Although CalTrans claims the Bypass will prevent carbon dioxide emissions by reducing stop-and-go traffic, the construction process alone generated 380,000 tons of carbon dioxide emissions — about 90 years’ worth of what CalTrans claims to be saving — if you take at face value the estimates of CalTrans’ Draft Environmental Impact Report itself.
All of this might be a little easier to swallow if the product was justifiable in its own terms. In 1992, as the agency was ramping up for the Willits Bypass, its personnel generated an estimate that traffic would increase roughly two percent per year through town across the next two decades.
We’re now almost a quarter century on from that projection, and Willits traffic has remained flat or even declined somewhat. Yet, because of Caltrans’s falsified traffic data, and because “Level of Service C” is the stated goal for the Willits Bypass, CalTrans’ honchos have been able to exclude from consideration all two-lane options for rerouting traffic.
“Level of Service” is a rubric that guides decisions regarding how many lanes are needed in the new roadway to accommodate the amount of traffic projected to use it. As of now, the Highway 58 segment through town is only two lanes. If traffic volumes are above a certain level, though, it becomes necessary based on established policy to build a four-lane freeway that achieve the “level of service” in question.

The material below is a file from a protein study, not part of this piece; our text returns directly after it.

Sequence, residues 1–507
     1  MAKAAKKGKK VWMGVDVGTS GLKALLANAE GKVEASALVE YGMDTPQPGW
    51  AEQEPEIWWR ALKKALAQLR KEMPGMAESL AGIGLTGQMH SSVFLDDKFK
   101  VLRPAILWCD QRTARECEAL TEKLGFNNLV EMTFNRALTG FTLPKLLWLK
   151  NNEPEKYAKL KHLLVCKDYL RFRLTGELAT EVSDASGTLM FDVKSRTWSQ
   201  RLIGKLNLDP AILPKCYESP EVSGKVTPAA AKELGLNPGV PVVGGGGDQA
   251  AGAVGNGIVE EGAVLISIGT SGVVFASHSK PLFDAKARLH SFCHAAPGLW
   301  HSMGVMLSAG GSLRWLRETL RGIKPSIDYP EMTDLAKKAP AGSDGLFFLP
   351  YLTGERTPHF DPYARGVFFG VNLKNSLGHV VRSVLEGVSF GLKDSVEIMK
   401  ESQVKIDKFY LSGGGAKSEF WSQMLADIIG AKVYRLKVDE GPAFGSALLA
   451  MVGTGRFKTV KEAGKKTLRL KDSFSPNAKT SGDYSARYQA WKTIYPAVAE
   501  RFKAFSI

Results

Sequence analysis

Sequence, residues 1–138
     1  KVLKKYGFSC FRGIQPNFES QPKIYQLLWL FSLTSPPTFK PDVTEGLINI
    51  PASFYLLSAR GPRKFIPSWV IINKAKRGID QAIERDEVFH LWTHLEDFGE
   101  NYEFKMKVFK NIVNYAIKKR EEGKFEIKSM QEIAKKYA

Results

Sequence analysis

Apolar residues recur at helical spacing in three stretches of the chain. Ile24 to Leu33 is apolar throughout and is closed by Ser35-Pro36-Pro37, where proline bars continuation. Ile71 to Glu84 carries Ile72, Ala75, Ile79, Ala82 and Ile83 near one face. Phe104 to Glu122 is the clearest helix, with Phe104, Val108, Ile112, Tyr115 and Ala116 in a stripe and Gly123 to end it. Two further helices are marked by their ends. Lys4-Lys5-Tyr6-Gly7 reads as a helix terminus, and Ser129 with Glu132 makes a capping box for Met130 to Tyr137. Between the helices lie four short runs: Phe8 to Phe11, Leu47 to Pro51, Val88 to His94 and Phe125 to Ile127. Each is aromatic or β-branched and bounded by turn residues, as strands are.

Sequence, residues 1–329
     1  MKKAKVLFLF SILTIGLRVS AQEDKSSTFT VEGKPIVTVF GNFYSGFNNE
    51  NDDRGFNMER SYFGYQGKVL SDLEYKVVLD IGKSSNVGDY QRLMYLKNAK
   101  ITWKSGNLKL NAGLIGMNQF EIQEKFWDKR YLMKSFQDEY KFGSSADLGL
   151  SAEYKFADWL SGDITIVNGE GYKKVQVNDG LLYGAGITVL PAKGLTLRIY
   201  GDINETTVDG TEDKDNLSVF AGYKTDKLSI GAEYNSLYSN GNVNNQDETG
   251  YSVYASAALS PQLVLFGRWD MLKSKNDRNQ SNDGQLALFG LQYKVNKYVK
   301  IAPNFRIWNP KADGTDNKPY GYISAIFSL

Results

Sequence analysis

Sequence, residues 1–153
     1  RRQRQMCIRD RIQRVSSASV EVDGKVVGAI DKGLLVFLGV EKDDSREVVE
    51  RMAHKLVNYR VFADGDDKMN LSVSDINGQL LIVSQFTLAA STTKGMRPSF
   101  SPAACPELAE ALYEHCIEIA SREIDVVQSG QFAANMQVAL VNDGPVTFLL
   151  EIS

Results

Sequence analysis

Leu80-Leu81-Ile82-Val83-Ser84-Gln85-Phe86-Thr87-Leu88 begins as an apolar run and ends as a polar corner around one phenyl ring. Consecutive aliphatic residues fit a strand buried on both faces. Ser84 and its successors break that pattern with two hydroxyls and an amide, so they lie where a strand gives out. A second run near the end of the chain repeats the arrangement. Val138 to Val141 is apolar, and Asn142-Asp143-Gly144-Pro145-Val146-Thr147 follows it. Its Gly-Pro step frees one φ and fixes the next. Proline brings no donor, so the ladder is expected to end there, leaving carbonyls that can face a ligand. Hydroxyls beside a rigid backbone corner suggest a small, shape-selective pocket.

That’s where CalTrans’ claim that Willits’ population and traffic were on the verge of soaring entered into play. Based on CalTrans’s projection that Willits traffic volume would be increasing 2% per year for the foreseeable future, the only way Highway 101 could achieve “Level of Service C” in the region would be if CalTrans was handed over hundreds of millions from taxpayers to build a four-lane freeway around town.
Countless local residents argued for years that if CalTrans had to build a bypass around Willits, there was plenty of room to do so on the already-existing Northern Pacific railroad corridor for both a two-lane bypass and the railroad. This two-lane route would cost a small fraction of what the now complete Willits Bypass does, while also having a fraction of the environmental impact and avoiding the pristine Little Lake wetlands entirely.
But the project’s boosters — including the Mendocino Council of Governments, three-fifths of the Willits City Council, three-fifths of the Board of Supervisors, US Rep. Mike Thompson, Big Labor, Big Trucking, and Chambers of Commerce from Windsor to Eureka — apparently favored the biggest construction footprint and highest cost possible.
Ultimately, Congressional Democrats like Mike Thompson and Jared Huffman each played key roles in steering the project through the Army Corps of Engineers’ Clean Water Act permitting process, allowing the largest wetlands fill the Army Corps’ San Francisco division has ever permitted. It’s also fitting that the Bypass was completed a mere days before Hillary Clinton’s near-certain election to the highest office in the land, since the Bypass has been enabled by scores of ethically challenged Democrats who are politically ambitious to a fault.
Of course, a major part of the story of the Bypass involves the hundreds of local residents who strongly opposed the project, including tree sitters and even one occupier of a wick drain stitcher. That opposition will have a lasting political legacy. There’s a very good chance that, here in northwestern California, this sort of relic will never get dusted off again.